YEREVAN—ONEArmenia (1A), the for-purpose organization that since 2012 has fundraised over $7 million for 35 socio-economic projects in Armenia, has announced a new shift in its strategic vision and mission from nonprofit crowdfunding to travel experience incubation and promotion.
Experiential travel is defined as travel that immerses travelers in a destination and transforms them through cultural, nature-based, wellness or adventure experiences. With more and more international travelers seeking authentic experiences that allow them to live like the locals, experiential travel today is a $180 billion global industry that Armenia has not tapped into. ONEArmenia is changing that.
“Armenia is a destination for travelers, not tourists — a cultural capsule where one can find things that don’t exist anywhere else in the world. Over the next decade we will focus on connecting travelers to Armenia’s vibrant soul,” says founder Patrick Sarkissian.
1A’s new vision is an Armenia that transforms travelers with experiences that combine the country’s age-old traditions with modern sensibility. “Armenian tourism focuses largely on sightseeing, specifically sightseeing the country’s 400-or-so monasteries. While monasteries are certainly must-see heritage sites, Armenia has the potential to offer travelers much more in terms of authentic travel experiences,” explains country director Anahit Nazaryan. “Experiences don’t just represent what international travelers expect in a destination, they’re also a significant opportunity for rural communities — 66-percent of revenue from experiential travel stays in-country, compared to only 20 to 33 percent with other forms of tourism.”
“For months we researched the regional and global experience market and found that Armenia, with its ancient customs, stunning natural landscapes and hospitable people, is in a prime position to be the number one destination in the South Caucasus,” says Nazaryan. Those findings include Armenia’s high visitor satisfaction rate according to a 2013 study by USAID, which found that 96 percent of travelers to Armenia would recommend the country to others, despite minimal spending and investment in tourism projects in the country, and modest marketing budgets (just $330,000 in 2017).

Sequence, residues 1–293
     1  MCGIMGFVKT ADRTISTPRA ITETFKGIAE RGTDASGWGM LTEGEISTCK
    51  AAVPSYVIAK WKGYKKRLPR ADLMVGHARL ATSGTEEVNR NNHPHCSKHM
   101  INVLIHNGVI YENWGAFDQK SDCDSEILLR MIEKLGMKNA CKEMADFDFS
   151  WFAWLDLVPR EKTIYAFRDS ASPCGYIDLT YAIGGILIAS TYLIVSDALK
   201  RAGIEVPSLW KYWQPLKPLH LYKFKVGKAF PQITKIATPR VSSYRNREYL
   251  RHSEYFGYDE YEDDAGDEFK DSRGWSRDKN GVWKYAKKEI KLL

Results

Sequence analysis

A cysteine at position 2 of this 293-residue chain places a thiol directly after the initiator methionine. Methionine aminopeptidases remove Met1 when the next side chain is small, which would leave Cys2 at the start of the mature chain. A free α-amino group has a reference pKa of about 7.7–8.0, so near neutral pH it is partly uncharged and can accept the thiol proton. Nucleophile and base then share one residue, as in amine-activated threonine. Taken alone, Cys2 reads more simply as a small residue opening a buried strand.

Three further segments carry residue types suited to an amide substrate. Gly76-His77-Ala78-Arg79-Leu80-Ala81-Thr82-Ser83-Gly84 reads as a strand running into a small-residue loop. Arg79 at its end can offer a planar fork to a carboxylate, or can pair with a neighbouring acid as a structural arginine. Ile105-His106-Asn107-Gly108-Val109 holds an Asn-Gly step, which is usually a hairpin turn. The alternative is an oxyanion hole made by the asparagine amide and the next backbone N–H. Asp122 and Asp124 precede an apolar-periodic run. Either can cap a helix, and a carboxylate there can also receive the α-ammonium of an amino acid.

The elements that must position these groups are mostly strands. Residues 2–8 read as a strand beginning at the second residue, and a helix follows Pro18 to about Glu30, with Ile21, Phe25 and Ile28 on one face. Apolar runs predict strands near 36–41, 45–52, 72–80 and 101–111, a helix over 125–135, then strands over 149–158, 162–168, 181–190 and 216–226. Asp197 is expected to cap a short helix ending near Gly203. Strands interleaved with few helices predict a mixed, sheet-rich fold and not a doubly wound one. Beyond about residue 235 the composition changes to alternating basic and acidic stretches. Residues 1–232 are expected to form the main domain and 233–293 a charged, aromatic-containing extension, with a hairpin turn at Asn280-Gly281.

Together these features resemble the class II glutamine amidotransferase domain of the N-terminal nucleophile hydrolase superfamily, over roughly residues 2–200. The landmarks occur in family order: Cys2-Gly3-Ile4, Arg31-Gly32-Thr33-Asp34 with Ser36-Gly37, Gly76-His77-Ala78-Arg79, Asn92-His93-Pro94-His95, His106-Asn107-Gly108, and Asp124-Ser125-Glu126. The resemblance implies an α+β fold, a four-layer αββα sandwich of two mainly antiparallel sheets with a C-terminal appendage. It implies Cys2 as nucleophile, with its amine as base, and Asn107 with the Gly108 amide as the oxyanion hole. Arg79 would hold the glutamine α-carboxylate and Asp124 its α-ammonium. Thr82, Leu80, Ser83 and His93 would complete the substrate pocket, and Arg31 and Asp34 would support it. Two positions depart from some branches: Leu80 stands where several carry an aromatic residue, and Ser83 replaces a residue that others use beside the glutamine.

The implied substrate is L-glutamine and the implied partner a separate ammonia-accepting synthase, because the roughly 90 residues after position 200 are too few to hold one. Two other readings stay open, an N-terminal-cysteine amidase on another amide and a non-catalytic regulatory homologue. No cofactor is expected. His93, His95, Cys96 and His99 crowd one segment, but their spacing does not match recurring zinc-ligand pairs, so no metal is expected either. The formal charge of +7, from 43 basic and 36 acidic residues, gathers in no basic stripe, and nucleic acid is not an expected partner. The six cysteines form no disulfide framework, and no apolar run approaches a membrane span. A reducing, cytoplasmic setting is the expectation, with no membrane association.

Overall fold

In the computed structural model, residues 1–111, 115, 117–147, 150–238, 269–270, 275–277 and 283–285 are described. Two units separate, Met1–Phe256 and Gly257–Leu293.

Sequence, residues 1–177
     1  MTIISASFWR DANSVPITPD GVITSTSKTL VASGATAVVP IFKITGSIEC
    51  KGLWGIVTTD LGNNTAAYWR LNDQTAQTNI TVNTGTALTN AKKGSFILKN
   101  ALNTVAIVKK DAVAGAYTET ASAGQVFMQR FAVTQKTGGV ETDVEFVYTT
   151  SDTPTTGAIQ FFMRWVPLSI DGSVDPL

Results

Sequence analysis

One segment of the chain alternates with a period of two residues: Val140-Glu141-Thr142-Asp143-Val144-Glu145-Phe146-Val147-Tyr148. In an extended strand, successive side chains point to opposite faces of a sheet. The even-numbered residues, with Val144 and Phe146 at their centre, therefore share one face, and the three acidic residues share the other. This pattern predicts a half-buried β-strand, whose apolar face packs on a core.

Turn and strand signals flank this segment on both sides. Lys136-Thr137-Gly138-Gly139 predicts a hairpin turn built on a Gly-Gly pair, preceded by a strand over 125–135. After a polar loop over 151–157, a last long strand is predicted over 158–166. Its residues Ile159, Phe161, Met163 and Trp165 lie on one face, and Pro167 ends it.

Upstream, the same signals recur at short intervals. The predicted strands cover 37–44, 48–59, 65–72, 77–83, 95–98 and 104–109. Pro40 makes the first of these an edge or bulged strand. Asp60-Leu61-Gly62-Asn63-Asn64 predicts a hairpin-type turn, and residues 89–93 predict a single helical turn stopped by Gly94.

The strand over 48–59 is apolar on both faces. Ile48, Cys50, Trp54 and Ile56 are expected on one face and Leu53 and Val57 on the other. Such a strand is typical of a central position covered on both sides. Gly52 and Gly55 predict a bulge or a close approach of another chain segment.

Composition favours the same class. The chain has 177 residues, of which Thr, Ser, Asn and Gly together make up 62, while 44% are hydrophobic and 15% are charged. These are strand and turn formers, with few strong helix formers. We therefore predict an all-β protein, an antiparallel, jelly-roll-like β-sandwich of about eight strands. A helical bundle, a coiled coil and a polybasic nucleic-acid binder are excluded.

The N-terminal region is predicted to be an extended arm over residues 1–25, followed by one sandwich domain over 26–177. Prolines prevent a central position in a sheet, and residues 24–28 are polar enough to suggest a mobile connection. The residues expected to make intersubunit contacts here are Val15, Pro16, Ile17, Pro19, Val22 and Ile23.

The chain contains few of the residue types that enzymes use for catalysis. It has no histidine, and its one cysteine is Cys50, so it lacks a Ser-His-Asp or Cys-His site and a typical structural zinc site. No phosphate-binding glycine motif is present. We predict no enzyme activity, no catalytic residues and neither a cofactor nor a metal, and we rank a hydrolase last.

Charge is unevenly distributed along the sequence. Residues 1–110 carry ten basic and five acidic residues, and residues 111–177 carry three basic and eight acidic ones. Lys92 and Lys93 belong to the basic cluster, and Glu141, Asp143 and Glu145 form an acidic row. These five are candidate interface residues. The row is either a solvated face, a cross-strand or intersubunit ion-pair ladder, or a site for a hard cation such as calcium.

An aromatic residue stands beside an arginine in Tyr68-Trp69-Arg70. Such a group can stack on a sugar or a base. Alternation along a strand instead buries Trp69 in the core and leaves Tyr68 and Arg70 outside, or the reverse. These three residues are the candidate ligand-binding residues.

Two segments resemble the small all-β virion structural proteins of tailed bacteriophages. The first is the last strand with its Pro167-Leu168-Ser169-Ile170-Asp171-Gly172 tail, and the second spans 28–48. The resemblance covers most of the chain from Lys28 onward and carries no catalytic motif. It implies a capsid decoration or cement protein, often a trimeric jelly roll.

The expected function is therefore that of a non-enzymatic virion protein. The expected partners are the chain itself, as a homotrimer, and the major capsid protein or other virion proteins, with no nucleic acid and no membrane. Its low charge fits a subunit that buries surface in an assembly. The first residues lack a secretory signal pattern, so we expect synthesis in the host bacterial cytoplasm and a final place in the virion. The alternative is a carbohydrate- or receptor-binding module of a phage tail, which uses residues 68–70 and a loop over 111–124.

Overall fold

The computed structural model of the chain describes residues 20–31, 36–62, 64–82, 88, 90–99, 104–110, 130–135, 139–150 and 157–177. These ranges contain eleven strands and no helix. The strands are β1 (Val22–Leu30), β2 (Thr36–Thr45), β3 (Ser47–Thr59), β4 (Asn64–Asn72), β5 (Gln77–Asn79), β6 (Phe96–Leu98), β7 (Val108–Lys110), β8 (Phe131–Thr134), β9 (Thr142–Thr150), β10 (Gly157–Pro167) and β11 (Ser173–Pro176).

“Armenia has the right ingredients to captivate travelers. As a travel experience incubator, we’re now bringing all those ingredients together with local entrepreneurs to create one-of-a-kind experiences that will leave lasting impressions on travelers and positively impact rural economies. This includes elevating existing travel experiences to world-class standards, and creating brand new ones that don’t exist. Creating liveable, sustainable incomes for local people has been our bottom line since our start in 2012. Now we’re doing that through the experiential tourism economy,” says Nazaryan.
“It’s a very exciting time at 1A. We’re applying our decade-long experience working on the ground with local people and organizations, as well as our content creation and marketing expertise, to attract the world’s travelers to Armenia and send them off with unforgettable memories,” says creative director Kyle Khandikian. “Invoking positive, profound emotions in travelers through local experiences will turn them into life-long ambassadors for Armenia.”
“This isn’t our first venture into tourism; in 2017 our community launched the HIKEArmenia app after we saw that it was difficult for international travelers to find reliable information on the country’s hiking trails. Today HIKEArmenia is an independent nonprofit promoting Armenia as a hiking destination, and the app has been downloaded over 13,000 times. In 2018, our community made Momik Wines, a boutique wine brand and tasting room in Areni village, a reality. The goal was to give small-scale winemakers the opportunity to become active players in the booming industry. The wine tasting experience we created there has not only been rated a 5/5 by international travelers, but the family operating the tasting room has increased their annual income by 160 percent. Diving fully into experiences makes sense, given our success with these two projects and the potential that exists,” says Khandikian.
While 1A is no longer crowdfunding for socio-economic projects, followers can still expect impact updates on their past work, plus new opportunities to support local projects. “As we search for extraordinary experiences across the country and develop new travel products, we’ll be sharing what we find, what we’re doing to support responsible tourism in Armenia, how our followers can support our new mission, and of course, how they can have an incredible time the next time they’re in Armenia,” Khandikian says.
To learn more about 1A’s new mission and how to get involved, visit their website at onearmenia.org or write to them at email@example.com.